It’s been almost two years since Google announced Accelerated Mobile Pages (AMP) for email. AMP brings interactive email support to Gmail, not only highlighting techniques we’ve been working with in iOS, like hamburger navigation and image carousels, but also pushing the medium further. Actionable decisions like scheduling an appointment or taking a survey and viewing the live results would be able to happen right within the email.
Apple’s mail client has rendered interactive elements in email for years, due in large part to its support of CSS code. AMP provides an alternative, offering a predefined and validated code solution for email clients that disable CSS.
The big question: will it change everything? Maybe…maybe not. Let’s have a look.
Interactive experiences in email still have a ways to go
As ambitious as Google may be, it doesn’t have a great track record when it comes to introducing and following through with new Gmail features. (Who here remembers the grid view?) That said, I applaud them for taking the initiative to push the boundaries of the email experience.
Email marketing experiences, despite their continued success, garner little attention and evolve at a much slower pace than other digital marketing channels. And while I find the prospect of the rich experiences that AMP promises to bring to email exciting, there are several hurdles to overcome before it’s a commonly used tool in your email arsenal.
It’s taken years for interactive email to gain any real traction. For the most part, retail businesses have led the charge testing out interactive techniques and we’ve seen more and more businesses lately incorporating evergreen techniques like hamburger navigation or carousel as part of their daily campaigns.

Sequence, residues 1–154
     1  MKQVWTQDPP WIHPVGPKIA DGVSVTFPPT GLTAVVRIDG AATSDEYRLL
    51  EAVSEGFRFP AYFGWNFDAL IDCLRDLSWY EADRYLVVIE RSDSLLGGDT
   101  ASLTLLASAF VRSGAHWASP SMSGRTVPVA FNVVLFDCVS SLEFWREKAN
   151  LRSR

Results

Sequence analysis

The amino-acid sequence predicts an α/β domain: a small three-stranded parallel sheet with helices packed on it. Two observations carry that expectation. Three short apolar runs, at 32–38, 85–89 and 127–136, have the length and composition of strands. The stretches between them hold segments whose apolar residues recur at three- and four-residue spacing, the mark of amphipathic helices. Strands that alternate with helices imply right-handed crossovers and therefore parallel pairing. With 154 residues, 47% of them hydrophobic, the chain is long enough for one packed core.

Behavioral and technical challenges of AMP for Gmail
Despite interactive email use trending upward, it still has plenty of room to grow. Most consumers have low expectations when it comes to email – they open a message and figure they have one opportunity to click or tap. If they decide not to take action, that email has officially ended its lifecycle. Getting customers to alter that mindset, to understand that they can now browse or tap multiple areas within the email, or potentially make a purchase directly from the inbox, is simply going to take time. We can’t expect user behavior to change overnight.
There are also technical issues that will need to be sorted out before we can really dive into AMP for email. First and foremost, your email service provider will need to be able to support a new multipart/alternative MIME part (text/x-amp-html) in addition to HTML and plaintext. This ability is something we’ve recently implemented (October 2019) in our Marigold Engage+ Suite. Second, your AMP campaign needs to be registered with, and approved by, Google. Additionally, there’s the question of support — with mobile functionality still in beta, only desktop browsers are currently supported.
Tips for brands incorporating AMP into emails
So, where do we go from here? I have a few ideas:
- Consider your process. You don’t want to spend extra time coding and recoding for each campaign.
- Use techniques that can be part of your everyday campaign. Building a mini-website in your email for it only to be used once is not a good use of time.
- Insert small but valuable surveys or have fun with quizzes. These can be useful in building recognition around email capabilities and evolving user behavior for allowing more than one action in an email.
- Consider building out content that helps support a stronger dialogue between you and the customer, where the experience can ultimately be more personalized in the future.
- Test a small audience.
Start small and be smart about how you use any of these techniques, whether it be interactive or AMP. And, most importantly, have fun.
Let’s send some email!
See how Marigold Engage+ has evolved the email CTA.